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It would seem that the answer is potentially yes!
Masks have been with us for some time now – it’s currently law that face coverings are worn in all indoor public places and anywhere else where adequate social distancing cannot be maintained and it remains so as we start to emerge out of lockdown. The WHO recommends that non-medical facemasks are worn in settings where physical distance cannot be achieved.
Despite this there is still a lot of confusion and discussion about whether employers can require an employee to wear a facemask in the workplace.
Last week, the Employment Tribunal ruled that it was fair to dismiss and employee for refusing to wear a face mask at work.
The Claimant, Mr Kubilius, was a lorry driver working for Kent Foods Limited. His role was to deliver products to customer sites. According to Kent Foods’ Employee Handbook he had to take all reasonable steps to protect his health and safety and that of others, and follow Kent Food’s Client’s instructions regarding health and safety and PPE requirements.
Mr Kubilius carried out deliveries to one of Kent Food’s key customers – Tate and Lyle. He was asked on two occasions to wear a mask whilst in his lorry. Tate and Lyle said this was to reduce the risk of droplets from him spreading to others whilst he was talking to people through the cab window. He refused to do on the basis that there was no legal requirement for him to wear a mask. Subsequently he was banned from attending Tate And Lyles’ site. Kent Foods brought disciplinary action against him which resulted in him being dismissed on the grounds of gross misconduct in that he had breached the terms of the employee handbook.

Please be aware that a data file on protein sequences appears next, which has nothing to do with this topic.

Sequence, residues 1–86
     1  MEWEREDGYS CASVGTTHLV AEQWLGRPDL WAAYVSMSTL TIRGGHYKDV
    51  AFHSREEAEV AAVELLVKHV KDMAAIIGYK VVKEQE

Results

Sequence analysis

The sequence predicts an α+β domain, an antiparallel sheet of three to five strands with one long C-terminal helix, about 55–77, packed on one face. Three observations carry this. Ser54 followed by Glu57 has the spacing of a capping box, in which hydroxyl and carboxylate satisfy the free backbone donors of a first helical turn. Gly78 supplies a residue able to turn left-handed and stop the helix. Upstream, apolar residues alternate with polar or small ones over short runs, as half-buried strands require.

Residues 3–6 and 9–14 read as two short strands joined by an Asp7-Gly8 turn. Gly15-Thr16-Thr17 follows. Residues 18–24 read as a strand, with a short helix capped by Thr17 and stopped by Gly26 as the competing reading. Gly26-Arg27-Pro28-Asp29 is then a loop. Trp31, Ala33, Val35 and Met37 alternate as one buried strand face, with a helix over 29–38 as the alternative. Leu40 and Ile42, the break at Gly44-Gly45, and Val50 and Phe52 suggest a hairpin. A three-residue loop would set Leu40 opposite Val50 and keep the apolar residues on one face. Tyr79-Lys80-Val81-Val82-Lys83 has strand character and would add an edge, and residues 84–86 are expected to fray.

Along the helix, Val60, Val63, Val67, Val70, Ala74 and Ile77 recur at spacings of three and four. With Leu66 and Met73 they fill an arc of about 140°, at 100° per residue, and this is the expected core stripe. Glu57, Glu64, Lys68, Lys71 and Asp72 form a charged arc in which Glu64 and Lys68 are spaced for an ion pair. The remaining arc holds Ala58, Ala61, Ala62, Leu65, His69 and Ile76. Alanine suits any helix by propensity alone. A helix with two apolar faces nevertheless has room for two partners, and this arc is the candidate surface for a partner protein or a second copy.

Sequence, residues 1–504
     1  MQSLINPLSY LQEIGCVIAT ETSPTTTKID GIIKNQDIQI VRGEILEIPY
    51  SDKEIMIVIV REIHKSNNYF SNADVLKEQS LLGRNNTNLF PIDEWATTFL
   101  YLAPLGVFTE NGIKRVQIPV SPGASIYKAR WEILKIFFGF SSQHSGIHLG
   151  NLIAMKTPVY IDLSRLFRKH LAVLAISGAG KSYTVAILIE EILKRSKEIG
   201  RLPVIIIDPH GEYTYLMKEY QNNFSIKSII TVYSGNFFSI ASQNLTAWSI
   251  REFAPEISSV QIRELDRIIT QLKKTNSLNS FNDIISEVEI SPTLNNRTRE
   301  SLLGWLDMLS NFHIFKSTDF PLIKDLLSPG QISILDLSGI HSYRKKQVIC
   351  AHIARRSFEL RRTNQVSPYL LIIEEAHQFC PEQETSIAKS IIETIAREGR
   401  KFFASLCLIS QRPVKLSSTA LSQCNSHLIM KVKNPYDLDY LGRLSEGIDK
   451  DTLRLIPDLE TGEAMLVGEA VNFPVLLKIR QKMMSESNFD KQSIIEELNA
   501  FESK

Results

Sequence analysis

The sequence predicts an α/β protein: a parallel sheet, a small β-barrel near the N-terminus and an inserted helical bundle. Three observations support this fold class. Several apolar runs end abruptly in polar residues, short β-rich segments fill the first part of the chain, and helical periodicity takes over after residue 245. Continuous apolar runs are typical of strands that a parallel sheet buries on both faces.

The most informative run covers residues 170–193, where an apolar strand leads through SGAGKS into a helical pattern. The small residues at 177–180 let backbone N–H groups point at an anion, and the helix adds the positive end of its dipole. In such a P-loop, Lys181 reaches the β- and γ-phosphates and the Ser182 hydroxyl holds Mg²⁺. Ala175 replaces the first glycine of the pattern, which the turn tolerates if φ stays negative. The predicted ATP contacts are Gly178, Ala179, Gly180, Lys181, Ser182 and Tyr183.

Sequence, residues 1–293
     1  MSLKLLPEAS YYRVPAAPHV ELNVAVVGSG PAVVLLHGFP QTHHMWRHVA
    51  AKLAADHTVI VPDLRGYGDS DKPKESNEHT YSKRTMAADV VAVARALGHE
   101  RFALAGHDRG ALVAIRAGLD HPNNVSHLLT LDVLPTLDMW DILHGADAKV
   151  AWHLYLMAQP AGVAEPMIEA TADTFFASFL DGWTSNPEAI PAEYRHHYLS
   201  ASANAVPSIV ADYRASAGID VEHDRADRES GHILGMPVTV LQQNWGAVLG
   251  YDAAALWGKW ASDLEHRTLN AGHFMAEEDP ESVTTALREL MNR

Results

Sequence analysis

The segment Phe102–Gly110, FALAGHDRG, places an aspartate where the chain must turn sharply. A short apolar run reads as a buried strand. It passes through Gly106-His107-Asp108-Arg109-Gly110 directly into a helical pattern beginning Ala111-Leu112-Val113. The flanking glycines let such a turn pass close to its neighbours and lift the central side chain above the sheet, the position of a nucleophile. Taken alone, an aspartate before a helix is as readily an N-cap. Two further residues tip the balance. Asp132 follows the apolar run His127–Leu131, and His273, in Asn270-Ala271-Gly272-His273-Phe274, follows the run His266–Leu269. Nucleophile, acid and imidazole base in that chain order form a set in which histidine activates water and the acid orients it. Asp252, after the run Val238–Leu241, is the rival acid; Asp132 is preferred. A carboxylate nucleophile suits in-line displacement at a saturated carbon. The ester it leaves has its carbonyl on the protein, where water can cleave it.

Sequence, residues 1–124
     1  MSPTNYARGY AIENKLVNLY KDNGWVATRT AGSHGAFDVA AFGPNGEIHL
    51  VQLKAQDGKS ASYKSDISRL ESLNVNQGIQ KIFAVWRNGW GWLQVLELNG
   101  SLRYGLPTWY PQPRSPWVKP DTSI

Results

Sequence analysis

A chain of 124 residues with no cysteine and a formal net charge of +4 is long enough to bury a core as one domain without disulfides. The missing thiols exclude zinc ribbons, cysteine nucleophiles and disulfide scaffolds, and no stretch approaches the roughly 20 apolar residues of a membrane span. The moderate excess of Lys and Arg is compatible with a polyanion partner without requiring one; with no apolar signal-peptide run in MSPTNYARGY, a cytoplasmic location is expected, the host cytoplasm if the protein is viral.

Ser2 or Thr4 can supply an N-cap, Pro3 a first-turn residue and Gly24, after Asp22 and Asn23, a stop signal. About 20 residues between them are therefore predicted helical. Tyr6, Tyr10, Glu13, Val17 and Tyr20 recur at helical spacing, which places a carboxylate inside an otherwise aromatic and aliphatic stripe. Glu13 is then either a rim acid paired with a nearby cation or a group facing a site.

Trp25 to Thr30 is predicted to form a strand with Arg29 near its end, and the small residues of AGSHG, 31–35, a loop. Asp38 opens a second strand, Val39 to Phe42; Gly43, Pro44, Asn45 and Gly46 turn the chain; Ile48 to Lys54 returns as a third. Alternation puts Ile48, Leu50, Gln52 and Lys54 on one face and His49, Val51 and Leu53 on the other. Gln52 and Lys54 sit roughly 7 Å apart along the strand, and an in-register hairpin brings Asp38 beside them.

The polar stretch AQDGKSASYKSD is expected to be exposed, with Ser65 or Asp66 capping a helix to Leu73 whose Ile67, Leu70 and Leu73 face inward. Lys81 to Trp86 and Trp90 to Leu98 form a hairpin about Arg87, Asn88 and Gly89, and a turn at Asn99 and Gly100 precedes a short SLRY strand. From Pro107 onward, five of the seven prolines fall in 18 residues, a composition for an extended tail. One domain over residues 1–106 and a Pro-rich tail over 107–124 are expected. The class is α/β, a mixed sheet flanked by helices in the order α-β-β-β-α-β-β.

Mr Kubilius brought proceedings in the Employment Tribunal on the grounds that he has been unfairly dismissed. However the Tribunal found that his dismissal was fair and that it fell within the range of reasonable responses.
Whilst this case is the first that the Tribunal’s have had to decide on the issue of masks in the workplace, it’s not likely to be the last. The judgment is not legally binding it shows how Tribunals may decide future cases.
Employers (whether in a pandemic or not) have an ongoing health and safety duty to employees and third parties and there are commercial relationships that need to be maintained. There may well also be valid and a reasonable explanation for someone to not wear a mask, for example a medical exemption, and to take action in those circumstances may well be discriminatory. However this case is very helpful to employers as, depending on the circumstances, a dismissal for refusing to wear a mask may be justified.
If you would like to discuss this or any other HR issues your busines is facing please contact us.